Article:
The Mariners’ Way Proposal

Posted: 15 March 2011.
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In January I mentioned on my website that I was intending walking the Mariners’ Way and in the past few months I started researching into this ancient track. I have collaborated with other groups of people to try and piece together and created a proposal for this project for which you can now read a brief summary.

The History of the Walk

Tradition has it that for centuries there has been an ancient walkway which runs from Bideford in North Devon to Dartmouth in South Devon. The route was created by sailors travelling between the two ports when transferring from one ship to sail on another.  Numerous writers on Dartmoor have referenced the track and some have even tried to follow its route, although today its traces are faint and exist largely in the echoes of the traditions of Dartmoor. This old route is thought to have passed down the eastern flank of Dartmoor in a virtually straight line between Bideford and Dartmouth with the odd deviation that avoided crossing the North Moor and the dome of Hambledon.

The Proposal

The proposal is for Edward to walk the Mariners Way in Devon recording each step he takes by logging it in a tally system. The total number of tally’s will be the starting point of the sculptural installation created in Edward’s studio as he relocates each step taken by tying a knot on a length of rope.  Edward has chosen knots as a form of record as a traditional maritime skill.  For mariner’s who may have used this walkway it would have had both a practical application in their work and served as a form of artistic expression for them in their leisure time.  Mariners used knotting to create decorative pieces of macramé that they would often sell on their travels.

The Sculpture

The purpose of this knotting is to create a substantial sculpture. The knotted rope will be wrapped around posts or poles in an oblong format with two doorways, one at each end, to give the impression of a passage house. Passage houses or longhouses are deeply rooted in Dartmoor’s landscape and history and they were used (in Medieval periods) to house both the farmer and his livestock. There is one longhouse that still exists on the Mariner’s Way near Leapra Cross, West Coombe. In Eric Hemery’s book Walking Dartmoor’s Ancient Tracks he explains, ‘The farm, approached by stile and steps over West Coombe Stream, is a fine example of a medieval longhouse where the Mariner’s Way actually passed through the central passage of what surely was a rest-house’.[1] Edward is seeking to interpret this and other houses in the form of the knotted rope that will be created from the walk.  Depending on the length of the rope it may be possible to make more than one rope longhouse.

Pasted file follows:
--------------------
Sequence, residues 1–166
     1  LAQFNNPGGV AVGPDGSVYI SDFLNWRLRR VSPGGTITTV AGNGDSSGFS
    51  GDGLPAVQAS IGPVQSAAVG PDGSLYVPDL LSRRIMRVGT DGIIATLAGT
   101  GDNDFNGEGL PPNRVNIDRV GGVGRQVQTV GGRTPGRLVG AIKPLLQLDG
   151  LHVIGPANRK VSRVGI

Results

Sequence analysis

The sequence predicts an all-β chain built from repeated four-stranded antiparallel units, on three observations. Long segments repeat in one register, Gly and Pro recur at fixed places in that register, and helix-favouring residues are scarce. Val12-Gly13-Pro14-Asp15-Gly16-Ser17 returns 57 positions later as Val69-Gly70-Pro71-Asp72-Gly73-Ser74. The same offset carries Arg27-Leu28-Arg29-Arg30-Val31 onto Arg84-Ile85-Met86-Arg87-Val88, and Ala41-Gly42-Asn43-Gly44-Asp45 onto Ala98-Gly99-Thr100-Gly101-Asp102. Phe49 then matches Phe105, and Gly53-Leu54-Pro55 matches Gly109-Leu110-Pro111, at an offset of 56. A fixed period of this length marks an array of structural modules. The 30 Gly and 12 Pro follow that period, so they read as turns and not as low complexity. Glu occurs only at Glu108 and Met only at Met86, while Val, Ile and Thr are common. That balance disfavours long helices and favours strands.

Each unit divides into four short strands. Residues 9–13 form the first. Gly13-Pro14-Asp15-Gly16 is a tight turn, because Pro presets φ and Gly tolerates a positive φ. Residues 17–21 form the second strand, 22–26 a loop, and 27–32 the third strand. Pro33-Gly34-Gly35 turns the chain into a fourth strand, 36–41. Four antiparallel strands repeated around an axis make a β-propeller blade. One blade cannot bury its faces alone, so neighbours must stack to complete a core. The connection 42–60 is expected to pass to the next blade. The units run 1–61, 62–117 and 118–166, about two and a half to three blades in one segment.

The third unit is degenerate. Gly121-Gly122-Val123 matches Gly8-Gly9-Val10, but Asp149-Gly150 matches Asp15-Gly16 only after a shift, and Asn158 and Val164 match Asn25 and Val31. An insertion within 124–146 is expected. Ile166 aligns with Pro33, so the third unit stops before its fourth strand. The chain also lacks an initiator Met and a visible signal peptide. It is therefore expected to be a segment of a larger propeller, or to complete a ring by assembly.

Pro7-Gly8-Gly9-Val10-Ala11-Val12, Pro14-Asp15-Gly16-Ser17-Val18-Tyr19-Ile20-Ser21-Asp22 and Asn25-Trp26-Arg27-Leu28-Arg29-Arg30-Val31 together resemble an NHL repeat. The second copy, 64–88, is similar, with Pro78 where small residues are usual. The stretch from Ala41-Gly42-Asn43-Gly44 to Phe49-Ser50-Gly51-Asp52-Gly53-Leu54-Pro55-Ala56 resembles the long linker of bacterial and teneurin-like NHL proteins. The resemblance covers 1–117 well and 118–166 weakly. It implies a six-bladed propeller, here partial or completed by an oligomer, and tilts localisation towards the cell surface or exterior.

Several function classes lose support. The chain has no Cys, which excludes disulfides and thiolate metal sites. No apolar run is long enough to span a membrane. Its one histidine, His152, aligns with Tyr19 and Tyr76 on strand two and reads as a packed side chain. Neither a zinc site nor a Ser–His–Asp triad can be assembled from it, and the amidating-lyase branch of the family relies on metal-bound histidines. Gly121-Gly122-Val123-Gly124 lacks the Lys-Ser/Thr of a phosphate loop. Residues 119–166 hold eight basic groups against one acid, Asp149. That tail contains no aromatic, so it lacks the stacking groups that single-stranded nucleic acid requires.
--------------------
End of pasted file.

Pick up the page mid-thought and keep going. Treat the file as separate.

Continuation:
[1] Eric Hemery, Walking Dartmoor’s Ancient Tracks: A Guide to 28 Routes, (London, Robert Hale Ltd, 1986), pp. 22.

Below is a mini-sculpture of what might become of the knotted rope

If you are interested in or would like to participate in this walk then please contact me and we discuss it further.

-Ed

The purpose of this knotting is to create a substantial sculpture. The knotted rope will be wrapped around posts or poles in an oblong format with two doorways, one at each end, to give the impression of a passage house. Passage houses or longhouses are deeply rooted in Dartmoor’s landscape and history and they were used (in Medieval periods) to house both the farmer and his livestock. There is one longhouse that still exists on the Mariner’s Way near Leapra Cross, West Coombe. In Eric Hemery’s book Walking Dartmoor’s Ancient Tracks he explains, ‘The farm, approached by stile and steps over West Coombe Stream, is a fine example of a medieval longhouse where the Mariner’s Way actually passed through the central passage of what surely was a rest-house’.[1] Edward is seeking to interpret this and other houses in the form of the knotted rope that will be created from the walk.


[1] Eric Hemery, Walking Dartmoor’s Ancient Tracks: A Guide to 28 Routes, (London, Robert Hale Ltd, 1986), pp. 22.

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